On the beach: selling Australia as a land or as a people
We often hear that Australia stands at a crossroads…. And most of the time whenever we need to take a major decision two different if unclear futures compete for our attention. Yet it‘s rarely the case that two government campaigns launched within weeks of each other so starkly frame different visions and representations of “the nation”.
May 14 and the “export” focused Austrade “Australia Unlimited” campaign is launched by Trade Minister Simon Crean. He announces that the bold new image (an Australia “book-ended” by stylized boomerangs) heralds a new aggressive multicultural presence . “Being the ‘quiet achiever’ is not going to cut it in an increasingly competitive global market. We need to make ourselves better. Australia is known as a great place to have a holiday but it is also a great place to do business. We should be better regarded as a dynamic and creative nation, a good global citizen and a strong business partner. We want great recognition of our many achievements.”
The promotional video focuses on our greatest asset, “our people”, and then flips through the real diversity of contemporary Australia (hijab but no burquas or niqabs but you can’t have everything).
Fast forward two weeks. Tourism Australia launches “Nothing Like Australia”, and if you’ve seen the Australia Unlimited video then you’ll understand how accurate the TA campaign label really is. Addressed it is claimed to prospective tourists (and to be aired in the UK, the USA, New Zealand, China and Japan) , it is nothing like the Australia that AU paints for our international business partners. An Aboriginal kid in a billabong (again!) and a Chinese girl in an SUV churning up a high country meadow chasing kangaroos. Then it’s all Euro-Australians, overwhelmingly blond and young. Very attractive, fit and powerful, but only marginally like the real Australia.
Now it could be argued that tourism advertising is all about the fantasies that are created in the jaded imaginations of big spending foreigners on package tours, and hundreds of thousands of young Europeans arriving to back-pack, have unprotected sex and save the rural fruit industry .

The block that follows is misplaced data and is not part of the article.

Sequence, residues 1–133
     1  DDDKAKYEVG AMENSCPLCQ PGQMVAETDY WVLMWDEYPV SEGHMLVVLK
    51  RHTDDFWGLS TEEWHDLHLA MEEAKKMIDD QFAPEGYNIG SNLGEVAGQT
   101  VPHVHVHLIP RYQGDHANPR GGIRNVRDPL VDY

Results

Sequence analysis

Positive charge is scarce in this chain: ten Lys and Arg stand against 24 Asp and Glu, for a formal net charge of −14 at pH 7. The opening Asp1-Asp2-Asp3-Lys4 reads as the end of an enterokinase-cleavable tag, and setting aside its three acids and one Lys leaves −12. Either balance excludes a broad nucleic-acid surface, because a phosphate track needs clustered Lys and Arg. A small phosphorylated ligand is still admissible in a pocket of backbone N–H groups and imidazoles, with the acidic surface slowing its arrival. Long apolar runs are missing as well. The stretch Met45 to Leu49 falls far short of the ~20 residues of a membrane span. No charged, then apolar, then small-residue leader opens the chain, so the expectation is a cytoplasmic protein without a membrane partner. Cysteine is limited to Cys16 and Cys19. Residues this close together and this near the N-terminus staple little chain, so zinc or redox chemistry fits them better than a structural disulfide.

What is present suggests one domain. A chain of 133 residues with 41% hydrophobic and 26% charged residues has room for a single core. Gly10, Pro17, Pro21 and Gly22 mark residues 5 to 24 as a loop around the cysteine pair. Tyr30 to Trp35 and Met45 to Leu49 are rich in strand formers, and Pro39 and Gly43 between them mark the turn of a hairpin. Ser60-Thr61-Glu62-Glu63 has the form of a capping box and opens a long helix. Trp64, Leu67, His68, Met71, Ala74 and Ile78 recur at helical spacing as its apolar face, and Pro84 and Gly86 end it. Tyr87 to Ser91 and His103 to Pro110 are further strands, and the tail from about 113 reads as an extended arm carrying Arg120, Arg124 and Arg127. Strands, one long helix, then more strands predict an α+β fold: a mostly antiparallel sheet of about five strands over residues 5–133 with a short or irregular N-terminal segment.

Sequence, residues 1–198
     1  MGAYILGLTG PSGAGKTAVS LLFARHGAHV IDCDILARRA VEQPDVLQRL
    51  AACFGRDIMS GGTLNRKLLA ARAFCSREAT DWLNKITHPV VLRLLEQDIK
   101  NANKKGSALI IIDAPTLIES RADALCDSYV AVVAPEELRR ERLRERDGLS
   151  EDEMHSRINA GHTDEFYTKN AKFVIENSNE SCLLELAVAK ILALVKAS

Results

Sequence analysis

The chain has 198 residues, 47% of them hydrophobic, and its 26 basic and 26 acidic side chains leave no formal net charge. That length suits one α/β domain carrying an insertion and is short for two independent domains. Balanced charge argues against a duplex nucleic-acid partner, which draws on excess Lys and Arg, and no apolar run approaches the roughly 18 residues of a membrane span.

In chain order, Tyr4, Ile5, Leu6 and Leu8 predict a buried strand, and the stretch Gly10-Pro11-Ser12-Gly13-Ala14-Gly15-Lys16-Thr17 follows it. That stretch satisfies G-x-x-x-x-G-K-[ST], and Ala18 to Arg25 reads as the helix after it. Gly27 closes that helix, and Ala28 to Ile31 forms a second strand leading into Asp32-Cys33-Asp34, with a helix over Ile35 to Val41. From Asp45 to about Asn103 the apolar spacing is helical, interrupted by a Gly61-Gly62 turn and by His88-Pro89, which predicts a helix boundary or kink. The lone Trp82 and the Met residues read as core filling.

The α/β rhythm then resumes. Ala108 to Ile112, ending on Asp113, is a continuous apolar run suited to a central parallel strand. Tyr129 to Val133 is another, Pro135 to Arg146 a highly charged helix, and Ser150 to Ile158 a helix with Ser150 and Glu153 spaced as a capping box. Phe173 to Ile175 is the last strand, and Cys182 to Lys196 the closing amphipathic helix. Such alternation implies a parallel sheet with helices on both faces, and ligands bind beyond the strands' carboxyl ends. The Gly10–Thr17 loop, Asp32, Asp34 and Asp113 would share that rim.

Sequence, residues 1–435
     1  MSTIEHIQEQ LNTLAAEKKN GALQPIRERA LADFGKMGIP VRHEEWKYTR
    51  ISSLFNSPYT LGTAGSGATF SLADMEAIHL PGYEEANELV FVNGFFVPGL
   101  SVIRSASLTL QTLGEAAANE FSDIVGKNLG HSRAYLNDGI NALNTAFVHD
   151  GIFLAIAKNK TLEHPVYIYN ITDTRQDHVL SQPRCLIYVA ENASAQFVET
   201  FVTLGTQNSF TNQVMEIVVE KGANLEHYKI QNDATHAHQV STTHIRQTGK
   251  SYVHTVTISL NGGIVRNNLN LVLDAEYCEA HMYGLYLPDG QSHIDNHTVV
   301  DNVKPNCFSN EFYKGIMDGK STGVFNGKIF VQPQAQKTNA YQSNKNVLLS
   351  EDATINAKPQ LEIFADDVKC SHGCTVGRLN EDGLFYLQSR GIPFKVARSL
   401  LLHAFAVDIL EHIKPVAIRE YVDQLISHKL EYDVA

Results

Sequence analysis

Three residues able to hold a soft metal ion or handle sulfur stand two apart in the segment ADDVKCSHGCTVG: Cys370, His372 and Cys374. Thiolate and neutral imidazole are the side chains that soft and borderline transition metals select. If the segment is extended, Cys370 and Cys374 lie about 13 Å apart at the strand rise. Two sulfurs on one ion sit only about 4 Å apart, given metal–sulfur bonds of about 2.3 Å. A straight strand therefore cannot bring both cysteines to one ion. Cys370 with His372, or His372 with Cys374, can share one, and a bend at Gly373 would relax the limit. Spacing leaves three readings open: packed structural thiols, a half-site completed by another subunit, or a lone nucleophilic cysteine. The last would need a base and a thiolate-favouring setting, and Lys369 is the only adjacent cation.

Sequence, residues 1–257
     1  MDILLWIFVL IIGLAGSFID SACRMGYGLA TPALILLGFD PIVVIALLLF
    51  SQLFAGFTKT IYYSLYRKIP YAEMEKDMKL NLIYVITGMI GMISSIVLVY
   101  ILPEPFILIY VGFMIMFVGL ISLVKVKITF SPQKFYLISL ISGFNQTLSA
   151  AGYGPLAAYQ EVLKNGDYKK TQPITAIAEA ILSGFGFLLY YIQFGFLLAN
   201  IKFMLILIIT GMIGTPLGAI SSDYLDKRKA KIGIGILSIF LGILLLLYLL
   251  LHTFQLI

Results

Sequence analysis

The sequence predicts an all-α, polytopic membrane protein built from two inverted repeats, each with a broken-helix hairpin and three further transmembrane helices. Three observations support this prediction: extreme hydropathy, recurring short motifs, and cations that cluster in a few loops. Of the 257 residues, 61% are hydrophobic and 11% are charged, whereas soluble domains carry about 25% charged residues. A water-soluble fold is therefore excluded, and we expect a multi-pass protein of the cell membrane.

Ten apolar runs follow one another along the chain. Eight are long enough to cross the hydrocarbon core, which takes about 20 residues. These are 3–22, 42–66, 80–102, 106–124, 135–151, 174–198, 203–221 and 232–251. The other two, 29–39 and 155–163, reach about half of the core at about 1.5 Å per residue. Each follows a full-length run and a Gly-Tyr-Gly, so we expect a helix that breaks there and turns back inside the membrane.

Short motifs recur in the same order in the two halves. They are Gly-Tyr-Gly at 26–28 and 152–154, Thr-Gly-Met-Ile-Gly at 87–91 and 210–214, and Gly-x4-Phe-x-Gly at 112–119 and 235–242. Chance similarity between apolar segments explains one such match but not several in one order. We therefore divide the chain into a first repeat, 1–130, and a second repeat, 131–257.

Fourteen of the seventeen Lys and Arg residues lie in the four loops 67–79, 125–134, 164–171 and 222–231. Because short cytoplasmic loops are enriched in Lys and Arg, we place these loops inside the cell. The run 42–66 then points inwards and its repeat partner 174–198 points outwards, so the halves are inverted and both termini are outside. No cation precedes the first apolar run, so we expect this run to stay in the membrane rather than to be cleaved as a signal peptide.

No one is really expected to believe everything here, and the adverts should not be expected to contain anything that might put off prospective money spenders. This includes any reference to non-Indigenous Black people, women in Muslim head gear, and large Pacific Islanders. The last major attempt in 2006 to attract foreigners used Lara Bingle to convince them that Australia was a place for drinking, sexual excitement, and unbridled self-indulgent fun. And it too was free of any sense of cultural diversity.
So here we have two major multi-million dollar campaigns, each at the sharp end of key industry sectors, in a world that increasingly and mistakenly views Australia as a haven for racism and intolerance. They are both funded by the Australian taxpayer, and managed through national government corporations. They both consciously decided to represent Australia in very specific though as it turns out quite contradictory ways. Is that a problem or just a case of horses for courses?
Just before the Australia Unlimited launch, the government’s “The people of Australia” report from its Multicultural Advisory Council recommended that a firm whole of government position should be endorsed, with strong national leadership. The report was clear in identifying cultural diversity as a critical component of our social cohesion, creativity and productivity. While lacking an overarching strategy, the report was clear on one issue – after fifteen years of obfuscation and denigration there now had to be a clear sign-on by state and federal governments if rising racism and social exclusion were to be addressed.